Published: 2022-08-06 18:21
Last Updated: 2022-08-15 21:03
The Secretary-General of the Ministry of Education for Educational Affairs, Dr. Nawaf Al-Ajarmeh, said on Saturday that the "Tawjihi" secondary school certificate exam will be subject to major revisions and scrutiny.
During his patronage, on behalf of the Minister of Education, Dr. Wajih Owais, the Fourth Regional Conference for Excellence in Education organized by the Jubilee Center for Educational Excellence / Jubilee Institute of the King Hussein Foundation, Al-Ajarmeh added that there are several committees to control exam papers that re-review the questions more than once.
He pointed out that the available financial capabilities and the volume of spending on the education sector are among the most prominent challenges facing the sector and stand in the way of further modernization and excellence plans that the Ministry of Education seeks to achieve.
Al-Ajarmeh indicated that creativity and excellence projects must be confronted by a number of challenges and tensions that we seek to confront and overcome, pointing out that one of the most prominent challenges is the existence of a gap in education between the private and government sectors, and between schools in cities and villages, indicating that the Ministry is working to reduce this gap.
He added, "We are facing the skills of the twenty-first century despite the difficult economic conditions and the difficult effects of the Corona pandemic on the sector in general."
He explained that one of the most dangerous tensions and interactions in the education sector is the students' reliance on indoctrination instead of research and investigation, pointing out that this problem is created by the Tawjihi exam, which forces the student to follow this type of education as he seeks to pass the exam as it is the gateway to the university.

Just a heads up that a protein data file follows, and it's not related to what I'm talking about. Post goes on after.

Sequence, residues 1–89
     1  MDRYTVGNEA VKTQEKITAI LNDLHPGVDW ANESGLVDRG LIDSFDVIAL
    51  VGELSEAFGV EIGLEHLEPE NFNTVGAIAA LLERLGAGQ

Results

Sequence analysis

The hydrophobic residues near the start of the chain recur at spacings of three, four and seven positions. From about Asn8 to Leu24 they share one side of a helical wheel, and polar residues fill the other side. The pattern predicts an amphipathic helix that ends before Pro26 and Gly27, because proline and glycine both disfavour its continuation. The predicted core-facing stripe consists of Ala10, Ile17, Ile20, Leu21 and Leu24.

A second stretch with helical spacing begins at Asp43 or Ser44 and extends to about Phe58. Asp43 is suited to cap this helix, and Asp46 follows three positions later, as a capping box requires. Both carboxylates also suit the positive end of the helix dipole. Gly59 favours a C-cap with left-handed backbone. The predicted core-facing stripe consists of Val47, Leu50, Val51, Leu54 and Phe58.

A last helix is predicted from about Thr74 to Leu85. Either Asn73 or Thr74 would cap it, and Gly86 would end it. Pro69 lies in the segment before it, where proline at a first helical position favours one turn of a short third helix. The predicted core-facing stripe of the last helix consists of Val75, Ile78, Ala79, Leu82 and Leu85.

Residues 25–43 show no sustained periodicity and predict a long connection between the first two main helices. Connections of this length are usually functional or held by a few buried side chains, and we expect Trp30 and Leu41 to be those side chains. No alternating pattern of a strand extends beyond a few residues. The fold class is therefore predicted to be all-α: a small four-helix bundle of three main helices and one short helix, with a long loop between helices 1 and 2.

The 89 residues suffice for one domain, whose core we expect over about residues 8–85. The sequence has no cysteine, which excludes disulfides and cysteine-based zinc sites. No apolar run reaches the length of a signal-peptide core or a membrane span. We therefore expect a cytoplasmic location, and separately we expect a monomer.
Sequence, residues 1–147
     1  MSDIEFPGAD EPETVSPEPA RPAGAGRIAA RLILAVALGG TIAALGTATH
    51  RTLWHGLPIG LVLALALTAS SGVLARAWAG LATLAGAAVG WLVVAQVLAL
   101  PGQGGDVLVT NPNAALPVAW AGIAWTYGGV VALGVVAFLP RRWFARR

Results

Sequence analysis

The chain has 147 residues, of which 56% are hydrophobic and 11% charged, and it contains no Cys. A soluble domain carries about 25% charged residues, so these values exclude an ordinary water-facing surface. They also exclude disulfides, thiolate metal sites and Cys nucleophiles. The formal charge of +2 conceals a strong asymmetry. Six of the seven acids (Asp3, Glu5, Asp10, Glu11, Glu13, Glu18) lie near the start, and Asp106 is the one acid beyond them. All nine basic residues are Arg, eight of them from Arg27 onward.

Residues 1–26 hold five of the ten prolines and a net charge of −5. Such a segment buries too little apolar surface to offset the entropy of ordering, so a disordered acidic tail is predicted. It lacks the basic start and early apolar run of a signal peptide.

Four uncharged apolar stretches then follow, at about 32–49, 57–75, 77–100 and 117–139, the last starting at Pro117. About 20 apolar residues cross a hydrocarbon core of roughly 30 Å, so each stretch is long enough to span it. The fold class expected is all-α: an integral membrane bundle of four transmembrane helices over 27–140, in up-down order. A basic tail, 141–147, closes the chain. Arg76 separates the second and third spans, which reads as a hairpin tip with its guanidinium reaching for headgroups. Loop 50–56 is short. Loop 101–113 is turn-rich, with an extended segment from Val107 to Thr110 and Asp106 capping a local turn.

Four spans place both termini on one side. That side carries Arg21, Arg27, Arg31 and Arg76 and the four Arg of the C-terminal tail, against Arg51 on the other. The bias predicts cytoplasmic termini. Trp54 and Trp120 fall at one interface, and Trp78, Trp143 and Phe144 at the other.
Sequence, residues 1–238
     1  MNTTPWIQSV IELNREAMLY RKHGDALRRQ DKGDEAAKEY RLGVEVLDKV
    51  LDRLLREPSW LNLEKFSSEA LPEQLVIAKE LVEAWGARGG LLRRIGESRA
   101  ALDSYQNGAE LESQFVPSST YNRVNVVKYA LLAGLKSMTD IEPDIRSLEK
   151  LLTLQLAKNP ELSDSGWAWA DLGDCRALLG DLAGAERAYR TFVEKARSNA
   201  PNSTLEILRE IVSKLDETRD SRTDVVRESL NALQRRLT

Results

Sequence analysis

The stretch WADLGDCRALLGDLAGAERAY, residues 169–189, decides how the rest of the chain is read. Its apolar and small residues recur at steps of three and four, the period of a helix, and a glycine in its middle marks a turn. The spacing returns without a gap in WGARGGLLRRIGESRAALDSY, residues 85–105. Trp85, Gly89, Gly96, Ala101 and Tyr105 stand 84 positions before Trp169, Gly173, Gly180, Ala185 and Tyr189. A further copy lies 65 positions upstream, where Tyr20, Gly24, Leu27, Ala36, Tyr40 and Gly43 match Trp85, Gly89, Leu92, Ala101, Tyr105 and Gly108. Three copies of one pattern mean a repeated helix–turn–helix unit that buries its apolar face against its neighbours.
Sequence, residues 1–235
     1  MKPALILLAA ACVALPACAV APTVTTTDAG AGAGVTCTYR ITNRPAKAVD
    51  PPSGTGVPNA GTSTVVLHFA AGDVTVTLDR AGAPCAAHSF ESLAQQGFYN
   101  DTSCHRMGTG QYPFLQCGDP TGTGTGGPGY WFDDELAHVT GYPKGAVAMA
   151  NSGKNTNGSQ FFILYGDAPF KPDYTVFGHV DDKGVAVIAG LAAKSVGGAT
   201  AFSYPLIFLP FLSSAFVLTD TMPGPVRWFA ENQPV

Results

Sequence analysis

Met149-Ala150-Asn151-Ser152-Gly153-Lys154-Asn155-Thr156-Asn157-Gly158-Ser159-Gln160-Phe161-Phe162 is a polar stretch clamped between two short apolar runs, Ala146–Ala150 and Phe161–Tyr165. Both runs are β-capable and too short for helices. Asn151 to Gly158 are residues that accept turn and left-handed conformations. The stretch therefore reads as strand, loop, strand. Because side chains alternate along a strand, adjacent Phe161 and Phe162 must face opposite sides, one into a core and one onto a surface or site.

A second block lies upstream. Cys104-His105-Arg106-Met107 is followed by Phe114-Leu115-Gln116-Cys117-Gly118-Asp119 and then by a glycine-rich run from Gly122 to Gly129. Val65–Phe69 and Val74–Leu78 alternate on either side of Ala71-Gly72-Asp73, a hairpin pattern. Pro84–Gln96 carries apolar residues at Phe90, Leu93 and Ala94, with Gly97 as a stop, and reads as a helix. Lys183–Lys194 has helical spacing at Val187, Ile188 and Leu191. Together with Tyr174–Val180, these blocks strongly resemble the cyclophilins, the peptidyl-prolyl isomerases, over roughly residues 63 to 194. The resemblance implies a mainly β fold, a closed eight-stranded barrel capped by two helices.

Al-Ajarmeh called on universities to play their role in accepting the distribution of students to specializations commensurate with their achievement and abilities, and not to be satisfied with the Tawjihi exam only.
He said that the ministry, in cooperation with the National Center for Curriculum Development, has completed more than 80 percent of its strategic plan to develop curricula, indicating that updating curricula does not contradict customs and traditions, as many are trying to spread about this change and modernization.
He explained that the ministry spent more than 25 million on training teachers, developing their capabilities, and allocating courses for the grade system.
He pointed out that there is a gap in education, especially between the schools of the main cities and the regions of the far outskirts, noting that the ministry overcomes this gap by providing direct support to the schools of the outskirts, and implementing continuous rounds to monitor any shortage or regression to address it directly.
Regarding appointments with the ministry, he stressed that they are made in batches, and that the plans that the ministry seeks is to integrate cadres, especially in the schools of the parties, to fill all the deficiencies of educational cadres in those schools, and reduce the number of teachers at the expense of additional education to the least possible number.
He indicated that the ministry does not object to adopting any training programs in partnership with the private sector, provided that the program is supervised and the trainers accredited in it.
He explained that the Ministry of Education leaves the students and their families the freedom to follow the platform they want as a kind of distance education imposed by the Corona pandemic, "but we in the ministry are concerned with education in the classroom and following up on teachers' teaching in the classroom."